I have had a lot of people ask me how I found out that I had cancer. I’m “young” for colon cancer. The first colonoscopy is recommended at 45, and that was just recently lowered from 50. As a 42yr old, despite the recent Washington Post article, colon cancer didn’t seem to be a likelihood. So, what did I notice?

Symptoms of colon cancer can include:

I did not experience a single one of the above, other than blood in stool. Side note, and maybe I’ve already mentioned this, but when I got my diagnosis, I joked about being pissed that I didn’t get the losing weight without trying symptom (that is how messed up diet culture and fatphobia are). Anyway, back to the point, and to be a bit graphic, I had heard that sometimes it’s normal to see some blood in your stool, so I was concerned but also figured it could be of no concern. And to be even more graphic, I honestly didn’t know if it was blood sometimes. I would ask myself, “Did I have red peppers or tomato sauce?” Once it became more frequent, I mentioned something to my doctor.

My doctor didn’t seem concerned, but she also referred me to a GI and said a colonoscopy would be good to rule out anything serious. She mentioned it could be internal hemorrhoids, and honestly, not that it would have been pleasant, but I was thinking, “Um, couldn’t you just do a digital exam?”

Anyway, I called around to make my appt with a GI. Guess what, GIs in Los Angeles are BUSY! I called a few and most had a many months wait to see the doctor. One woman was so kind to me. She said, “The doctor doesn’t have anything available until April 2024. But I would encourage you to call until you find one sooner. This sounds like something that would be good to figure out as soon as possible. Good luck! I hope it all goes well.” Y’all that was a front office person at a doctor’s office! How often do you get such compassion from people in that position? I can’t say, for me, it’s very often. Eventually South Bay Gastrointerology was able to slot me in within a month.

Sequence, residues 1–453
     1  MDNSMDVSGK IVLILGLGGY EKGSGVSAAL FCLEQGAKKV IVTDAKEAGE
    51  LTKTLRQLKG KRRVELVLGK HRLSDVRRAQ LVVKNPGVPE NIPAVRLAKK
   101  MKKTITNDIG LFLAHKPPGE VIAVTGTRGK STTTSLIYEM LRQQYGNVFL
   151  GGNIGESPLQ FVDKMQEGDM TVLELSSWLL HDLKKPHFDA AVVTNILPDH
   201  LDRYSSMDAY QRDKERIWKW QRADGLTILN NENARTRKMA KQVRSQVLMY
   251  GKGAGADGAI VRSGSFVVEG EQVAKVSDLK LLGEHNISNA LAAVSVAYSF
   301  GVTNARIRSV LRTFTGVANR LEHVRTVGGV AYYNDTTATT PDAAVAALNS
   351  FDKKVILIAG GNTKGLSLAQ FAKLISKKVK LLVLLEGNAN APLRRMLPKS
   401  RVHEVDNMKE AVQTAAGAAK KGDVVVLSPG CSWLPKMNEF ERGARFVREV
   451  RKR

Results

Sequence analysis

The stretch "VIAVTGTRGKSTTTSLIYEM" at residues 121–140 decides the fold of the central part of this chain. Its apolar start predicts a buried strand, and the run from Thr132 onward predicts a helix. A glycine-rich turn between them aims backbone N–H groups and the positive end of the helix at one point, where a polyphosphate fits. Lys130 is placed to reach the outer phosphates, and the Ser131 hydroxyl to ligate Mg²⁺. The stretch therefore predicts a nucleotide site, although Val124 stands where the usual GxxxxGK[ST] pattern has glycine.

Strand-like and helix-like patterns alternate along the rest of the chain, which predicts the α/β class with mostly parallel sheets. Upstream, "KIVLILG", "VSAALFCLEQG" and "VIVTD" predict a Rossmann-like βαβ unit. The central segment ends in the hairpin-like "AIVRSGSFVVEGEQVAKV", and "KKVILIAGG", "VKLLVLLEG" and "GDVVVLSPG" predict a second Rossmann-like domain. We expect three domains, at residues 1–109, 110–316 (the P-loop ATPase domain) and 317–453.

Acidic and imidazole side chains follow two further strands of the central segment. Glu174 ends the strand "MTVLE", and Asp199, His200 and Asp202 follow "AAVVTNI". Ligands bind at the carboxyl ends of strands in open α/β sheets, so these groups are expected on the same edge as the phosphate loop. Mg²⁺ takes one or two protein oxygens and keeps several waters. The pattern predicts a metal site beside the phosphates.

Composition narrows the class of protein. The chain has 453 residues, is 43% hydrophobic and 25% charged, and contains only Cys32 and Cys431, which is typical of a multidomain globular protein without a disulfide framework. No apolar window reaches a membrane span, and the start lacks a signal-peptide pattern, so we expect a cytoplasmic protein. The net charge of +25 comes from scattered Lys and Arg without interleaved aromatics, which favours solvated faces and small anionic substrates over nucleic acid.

In the meantime, the blood increased. I was alarmed, but still confused about what is considered “normal,” and especially if it was related to internal hemorrhoids. I called my doctor’s office and got scheduled with a NP that I hadn’t seen before just to make sure my case hadn’t become more urgent. I explained what was happening, and that frequency had picked up. To say I left that appt disappointed, and especially with hindsight, is an understatement. The NP told me that it was likely food that was causing my issues and if I go dairy and gluten-free for 2 weeks, she would bet it would clear up. She did say it could be the internal hemorrhoids, and again, I was thinking, “Isn’t there an easy way to find out?”

Now, I don’t tend to subscribe to the line of thinking that every health issue is a food issue. I was skeptical that this was just because of dairy and gluten, however, I do know that some milk products can upset my stomach, and sometimes I indulge and pay the cost. For a few weeks I decided not to indulge in those things that would upset my stomach, and I was encouraged that the frequency had slowed. I was so encouraged that I began to question whether or not seeing the GI was necessary at that juncture. Maybe a few more weeks with food adjustments and that would be the end of it. Of course I am a little too much of a hypochondriac to brush off an appointment, but the temptation was there. I mean who wants to go down the path of getting a colonoscopy?

When I went to the GI, I explained my symptoms, and he too suggested internal hemorrhoids, but also said a colonoscopy was important. He put it in terms of following the smoke or something like that. While I appreciated his desire to be thorough, I was thinking, “Seriously, can’t you just figure this out without all of that and give me something to see if that is what it is?” I mean, it would have been nice if that’s all it was, right? Wouldn’t ever expect someone to be thankful for hemorrhoids, but I could have been! As much as I dreaded the colonoscopy, I knew I didn’t need to push for alternatives, and I also kinda knew what I was experiencing didn’t really seem to be the easy explanation. Thank goodness none of the health professionals took were satisfied with the least complicated explanation, because that would have definitely delayed diagnosis and treatment. As much as I am angry at the NP for feeling confident that I was just experiencing a food intolerance, I am glad that I had professionals that encouraged me to continue down the path of being thorough.

So yeah, that’s how it went. I am one of those people that checks her toilet paper and checks the toilet before she flushes, and I am hoping to say that doing so saved my life. I say that because there was something going around a while ago that seemed to shame people for checking toilet paper and the toilet. “Ew, who does that?” “Are you a looker or a none of my business person?” I saw a couple of those videos going around. Well, I’m here to say, be a looker. Check your poops!

#coloncancer #colonoscopy #checkyourpoops #bealooker #washingtonpost